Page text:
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Ikea: World's largest furniture retailer

Last updated on: June 26, 2012 11:58 IST

Ikea: World's largest furniture retailer

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Ikea is a privately held, international home products company that designs and sells ready-to-assemble furniture such as beds and desks, appliances and home accessories.

The company is the world's largest furniture retailer.

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Image: A warehouse of the Swedish furniture maker Ikea in Wallau near Wiesbaden, Germany.
Photographs: Alex Grimm/Reuters
Tags: Ikea

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Founded in 1943 by 17-year-old Ingvar Kamprad in Sweden, the company is named as an acronym comprising the initials of the founder's name (Ingvar Kamprad), the farm where he grew up (Elmtaryd), and his hometown (Agunnaryd, in Smaland, South Sweden).

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Image: Chinese customers look at products on display at the Ikea store in Beijing.
Photographs: Claro Cortes/Reuters

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The firm is known for the attention it gives to cost control, operational details and continuous product development, allowing it to lower its prices by an average of two to three per cent over the decade to 2010, while continuing its global expansion.

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Image: Japanese shoppers sit on Ikea's sofas at a store in Funabashi, east of Tokyo.
Photographs: Yuriko Nakao/Reuters
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The groups of companies that form Ikea are all controlled by Ingka Holding, a Dutch corporation, which in turn is controlled by a tax-exempt, not-for-profit Dutch foundation.

The Ikea trademark and concept is controlled by a series of corporations that can be traced to the Netherlands Antilles and to the Interogo Foundation in Liechtenstein.

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Image: Customers look around at Swedish furniture retailer Ikea's store in Japan in Funabashi, east of Tokyo.
Photographs: Yuriko Nakao/Reuters

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Ingka Holding owns the industrial group Swedwood, which sources the manufacturing of Ikea furniture, the sales companies that run Ikea stores, as well as purchasing and supply functions, and Ikea of Sweden, which is responsible for the design and development of products in the Ikea range.

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Image: Anders Dahlvig, former CEO of Ikea, poses inside Ikea home furnishing store in Brooklyn, New York. A file photo.
Photographs: Shannon Stapleton/Reuters

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Ingka Holding is wholly owned by Stichting Ingka Foundation, which is a non-profit foundation registered in Delft, Netherlands.

The European logistics centre is located in Dortmund, Germany, and the Asian logistics centre is located in Singapore.

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Image: People shop at the Ikea home furnishing store in Brooklyn, New York.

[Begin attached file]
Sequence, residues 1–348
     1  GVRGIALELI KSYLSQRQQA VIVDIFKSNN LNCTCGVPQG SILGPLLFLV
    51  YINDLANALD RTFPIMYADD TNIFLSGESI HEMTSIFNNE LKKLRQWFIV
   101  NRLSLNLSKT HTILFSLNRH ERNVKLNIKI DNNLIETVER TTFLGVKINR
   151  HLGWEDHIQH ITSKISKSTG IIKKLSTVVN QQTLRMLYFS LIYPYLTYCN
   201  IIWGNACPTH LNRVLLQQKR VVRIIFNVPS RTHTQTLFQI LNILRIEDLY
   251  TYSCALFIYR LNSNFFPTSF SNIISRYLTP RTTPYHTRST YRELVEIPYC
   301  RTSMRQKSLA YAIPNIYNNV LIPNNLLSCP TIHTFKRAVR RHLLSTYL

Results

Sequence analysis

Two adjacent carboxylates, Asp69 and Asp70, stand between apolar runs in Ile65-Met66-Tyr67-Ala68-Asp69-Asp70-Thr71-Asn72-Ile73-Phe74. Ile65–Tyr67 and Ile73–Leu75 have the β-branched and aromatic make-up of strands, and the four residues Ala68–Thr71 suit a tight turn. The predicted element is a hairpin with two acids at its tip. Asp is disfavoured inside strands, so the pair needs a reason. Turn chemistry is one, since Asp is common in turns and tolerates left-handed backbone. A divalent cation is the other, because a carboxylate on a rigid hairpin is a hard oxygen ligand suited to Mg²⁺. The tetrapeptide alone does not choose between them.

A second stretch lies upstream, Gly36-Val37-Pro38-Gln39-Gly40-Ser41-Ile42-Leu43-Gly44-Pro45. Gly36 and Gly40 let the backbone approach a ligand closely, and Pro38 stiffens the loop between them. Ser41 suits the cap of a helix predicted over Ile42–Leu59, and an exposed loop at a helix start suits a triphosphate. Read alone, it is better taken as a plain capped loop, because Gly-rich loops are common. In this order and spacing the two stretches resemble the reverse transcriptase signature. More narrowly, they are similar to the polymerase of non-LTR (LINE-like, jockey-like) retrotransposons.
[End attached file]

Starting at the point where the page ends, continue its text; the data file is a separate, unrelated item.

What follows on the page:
Photographs: Shannon Stapleton/Reuters

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Ikea: World's largest furniture retailer

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Inter Ikea Systems in Delft, also in the Netherlands, owns the Ikea concept and trademark, and there is a franchising agreement with every Ikea store in the world.

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Image: People shop at the Ikea home furnishing store in Brooklyn, New York.
Photographs: Shannon Stapleton/Reuters

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The company which originated in Smaland, Sweden, distributes its products through its retail outlets. As of October 2011, Ikea had 332 stores in 38 countries.

In fiscal year 2010, it sold $23.1 billion worth of goods, a 7.7 per cent increase over 2009.

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Image: A woman walks next to the rack 'Billy' of Swedish retailer Ikea in Munich.
Photographs: Alexandra Beier/Reuters
Tags: Ikea , Smaland , Sweden

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Ikea: World's largest furniture retailer

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On February 17, 2011, Ikea announced its plans for a wind farm in Dalarna County, Sweden, furthering the furniture giant's goal of running on 100 per cent renewable energy.

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Image: Mikael Ohlsson, CEO, Ikea, talks with employees at the company's store in Malmo, Sweden.
Photographs: Bob Strong/Reuters

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Ikea: World's largest furniture retailer

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The Ikea website contains about 12,000 products and is the closest representation of the entire Ikea range. There were over 470 million visitors to the Ikea websites in the year from September 2007 to September 2008.

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Image: Customers check products on computer terminals at Ikea's store in Malmo, Sweden.
Photographs: Bob Strong/Reuters
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Ikea is the world's third-largest consumer of wood, behind The Home Depot and Lowe's.

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Image: A customer checks lamps at Ikea's store in Malmo, Sweden.
Photographs: Bob Strong/Reuters

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The first Mobel-Ikea store was opened in Almhult, Smaland in 1953, while the first stores outside Sweden were opened in Norway (1963) and Denmark (1969).

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Image: Flags flutter outside Ikea's store in Malmo, Sweden.
Photographs: Bob Strong/Reuters

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The stores spread to other parts of Europe in the 1970s, with the first store outside Scandinavia opening in Switzerland (1973), followed by Germany (1974).

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Image: Man walks past advertisement of Swedish flat-pack furniture maker Ikea in Sofia, Bulgaria.